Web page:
Tuesday, 3 April 2012

*** Interview with Tim Bowler

Yesterday I posted a review of the first book in the reissued Blade series by Tim Bowler. Today, as promised, we are joined by Tim who very kindly agreed to answer some questions for readers of The Book Zone.

Hi Tim. Welcome to The Book Zone and thank you for taking the time to answer these questions for us. First up: how would you describe the Blade books to someone discovering them for the first time?

The series is an urban thriller about a fourteen-year-old boy nicknamed Blade and his battle to find redemption for the things he has done in the past. He has a terrifying skill with a knife and he has used this weapon to devastating effect, but he is a victim of the hideous circumstances in which he grew up, and by the time we meet him at the beginning of the story, he is on the run with his enemies closing in. The series highlights his brilliant gifts of survival but also his vulnerability as an individual as he fights against the odds and struggles with his awakening conscience.

What was the original inspiration for the Blade books?

There were several things that inspired the Blade series. Firstly, I have always had a horror of knives as weapons and while I find them frightening in any context, I am particularly horrified by the thought of young people carrying and using them. Secondly, I wanted to know whether someone who has committed the terrible acts of violence that Blade has can possibly come back from that and even have a future. Thirdly, I remember driving through a town in Devon in the 1980s and finding myself at a pedestrian crossing with the light on green and wondering why the car in front of me hadn't started to move forward. When I looked more closely, I saw that a boy of about seven had placed himself on the pedestrian crossing right in front of this other car and was jeering at the driver and daring him to drive on, which of course he couldn't and didn't. Car horns started going off behind me and eventually, when the boy had had his fun and made his point, he sidled over to the pavement with a triumphant grin on his face and 'allowed' the traffic to move on. I forgot about this boy for over twenty years and it was only when I'd written the first scene of Blade, where the seven-year-old Blade is in trouble with the police for holding up traffic at a pedestrian crossing, that I recognised where he had come from.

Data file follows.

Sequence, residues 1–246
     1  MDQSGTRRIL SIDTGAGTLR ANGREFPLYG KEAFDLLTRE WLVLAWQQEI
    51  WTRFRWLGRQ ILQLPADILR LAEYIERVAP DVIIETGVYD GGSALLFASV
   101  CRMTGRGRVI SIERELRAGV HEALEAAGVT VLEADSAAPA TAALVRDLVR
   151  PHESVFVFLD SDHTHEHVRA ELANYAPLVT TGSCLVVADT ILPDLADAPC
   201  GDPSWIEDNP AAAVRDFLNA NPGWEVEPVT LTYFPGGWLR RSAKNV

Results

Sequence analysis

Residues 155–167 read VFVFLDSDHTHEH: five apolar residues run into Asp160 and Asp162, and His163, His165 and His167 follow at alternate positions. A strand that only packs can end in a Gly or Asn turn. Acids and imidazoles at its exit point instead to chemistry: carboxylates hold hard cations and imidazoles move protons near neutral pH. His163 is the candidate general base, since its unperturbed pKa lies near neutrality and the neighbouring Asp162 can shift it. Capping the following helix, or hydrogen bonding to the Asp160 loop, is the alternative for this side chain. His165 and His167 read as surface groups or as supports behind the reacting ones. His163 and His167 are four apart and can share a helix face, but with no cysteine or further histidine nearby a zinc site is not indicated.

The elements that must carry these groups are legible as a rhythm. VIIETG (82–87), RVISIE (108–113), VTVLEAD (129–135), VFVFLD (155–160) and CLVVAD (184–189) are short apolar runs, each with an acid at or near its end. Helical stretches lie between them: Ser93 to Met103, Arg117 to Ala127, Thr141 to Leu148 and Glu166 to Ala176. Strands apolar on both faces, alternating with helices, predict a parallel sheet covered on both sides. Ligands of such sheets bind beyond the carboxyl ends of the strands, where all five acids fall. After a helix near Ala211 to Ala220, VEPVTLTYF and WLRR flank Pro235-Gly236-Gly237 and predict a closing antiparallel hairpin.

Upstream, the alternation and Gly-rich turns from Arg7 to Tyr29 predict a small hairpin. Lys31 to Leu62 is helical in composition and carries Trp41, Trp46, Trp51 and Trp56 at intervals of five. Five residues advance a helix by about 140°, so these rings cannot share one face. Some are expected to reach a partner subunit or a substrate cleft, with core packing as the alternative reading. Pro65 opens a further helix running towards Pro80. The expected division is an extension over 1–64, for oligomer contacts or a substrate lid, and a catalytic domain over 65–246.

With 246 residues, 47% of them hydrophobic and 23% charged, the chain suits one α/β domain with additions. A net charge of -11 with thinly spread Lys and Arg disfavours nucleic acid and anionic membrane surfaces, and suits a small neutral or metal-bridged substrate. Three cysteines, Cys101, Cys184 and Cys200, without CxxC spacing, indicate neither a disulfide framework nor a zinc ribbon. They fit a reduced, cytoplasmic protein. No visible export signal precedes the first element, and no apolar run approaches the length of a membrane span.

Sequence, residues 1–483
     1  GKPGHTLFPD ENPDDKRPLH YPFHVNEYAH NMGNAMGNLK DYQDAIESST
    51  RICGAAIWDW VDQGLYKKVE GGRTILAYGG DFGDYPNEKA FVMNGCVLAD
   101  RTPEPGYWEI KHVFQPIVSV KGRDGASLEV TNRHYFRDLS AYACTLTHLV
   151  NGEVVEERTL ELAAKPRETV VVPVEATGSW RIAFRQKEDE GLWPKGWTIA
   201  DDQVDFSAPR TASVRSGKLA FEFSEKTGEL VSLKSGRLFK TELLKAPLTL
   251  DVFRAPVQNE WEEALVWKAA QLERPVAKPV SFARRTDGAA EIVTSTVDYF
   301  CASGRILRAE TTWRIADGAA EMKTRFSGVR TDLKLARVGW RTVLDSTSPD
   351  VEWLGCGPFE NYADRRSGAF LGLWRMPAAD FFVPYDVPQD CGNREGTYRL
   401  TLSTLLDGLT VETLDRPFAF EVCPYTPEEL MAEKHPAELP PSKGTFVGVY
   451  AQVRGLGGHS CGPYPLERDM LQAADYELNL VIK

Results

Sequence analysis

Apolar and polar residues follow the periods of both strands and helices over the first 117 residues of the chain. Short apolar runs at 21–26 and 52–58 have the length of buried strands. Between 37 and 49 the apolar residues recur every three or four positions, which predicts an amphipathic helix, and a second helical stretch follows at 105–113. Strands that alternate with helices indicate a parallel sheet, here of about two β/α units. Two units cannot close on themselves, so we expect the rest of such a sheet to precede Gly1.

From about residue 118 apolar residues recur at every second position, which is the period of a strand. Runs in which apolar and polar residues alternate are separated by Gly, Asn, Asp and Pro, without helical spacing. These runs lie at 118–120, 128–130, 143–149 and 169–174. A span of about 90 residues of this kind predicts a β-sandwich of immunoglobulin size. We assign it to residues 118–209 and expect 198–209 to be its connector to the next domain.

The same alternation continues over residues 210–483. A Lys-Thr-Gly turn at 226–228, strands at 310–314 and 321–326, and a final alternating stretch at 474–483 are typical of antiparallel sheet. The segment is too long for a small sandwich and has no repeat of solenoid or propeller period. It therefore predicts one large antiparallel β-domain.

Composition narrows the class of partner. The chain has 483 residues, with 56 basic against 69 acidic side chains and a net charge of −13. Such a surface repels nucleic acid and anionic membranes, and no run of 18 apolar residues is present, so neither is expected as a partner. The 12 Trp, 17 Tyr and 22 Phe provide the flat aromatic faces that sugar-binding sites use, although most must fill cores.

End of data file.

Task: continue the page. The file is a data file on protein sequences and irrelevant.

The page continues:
Blade is a great protagonist. Can you tell us a little more about him?

He's complex, he's dangerous, he's full of contradictions, he's street smart, he's bright, he loves books, he has an inquiring mind, he's inventive with words, he's likable, he's courageous. He's also deeply damaged. He's been damaged since the day he was born and it wasn't till he was ten that he started to learn to love and to trust. But by then it was too late and when he fled from his enemies at the age of eleven to go to ground in a new city, he sealed his mind against the possibility of ever loving or trusting again. But he didn't seal it tightly enough.

When the Blade books arrived at the school library a few years ago my librarian was a little hesitant about putting them on the shelves because of their focus on knife crime. I managed to persuade her that they were fine for our students. Have parents, teachers or librarians expressed similar concerns to you? What would your answer be?

One librarian did say to me that she was worried the series might glamorise knives for young people, but she hadn't read the books. I suggested that she first of all read the books for herself, and then find me one paragraph, one sentence even, that glorifies knives or suggests they're a good thing. Within just a few pages of the first book, we realise that this boy has a life nobody would want, and things only get harder for him as the story progresses. Far from portraying the romanticised life of some devil-may-care teen buccaneer with swashbuckling knife skills, the story shows a boy haunted by fear and guilt and perpetually on the edge of death, a boy fighting not just to save his own life but to believe in the point of that life. Blade is not a preachy story but it is a deeply moral one and I fail to see how an urban odyssey of this kind with sympathetic character portrayals and fast-moving action can possibly damage student readers, provided they are willing to embrace its issues in a mature way.

I have loved reading books ever since I was a child. Were you like this when you were younger or were you a reluctant reader? Who encouraged you to read when you were younger?

I'm just like you: an avid reader. I started at the age of five and never stopped. I just dived into reading. The first story I read was a sea story (Little Tim and the Brave Sea Captain by Edward Ardizzone) and I've been passionate about sea stories ever since: Arthur Ransome, C.S. Forester, Patrick O'Brian, Robert Louis Stevenson etc. I lapped them all up. I also loved Tintin books, which I read in French, and thriller writers – too many to name – and then in my late teens I started moving towards poetry too. Since my twenties I've read pretty much anything that interests me – fiction of all kinds, poetry, non-fiction, e.g. biographies, history, history of music, diaries, letters, philosophy etc.

Is there anything else you would like to say to readers of this blog?

Just that it's been a real pleasure talking to you and to wish you all well. Thanks for your interest in Blade.

~~~

Huge thanks to Tim for taking the time to answer these questions, especially as I know he has been very busy recently. If you have not yet discovered the Blade series then the books are perfect for teens who love realistic, gritty thrillers. You can find out more about Tim and his many books at his website http://www.timbowler.co.uk/ 

No comments:

Post a Comment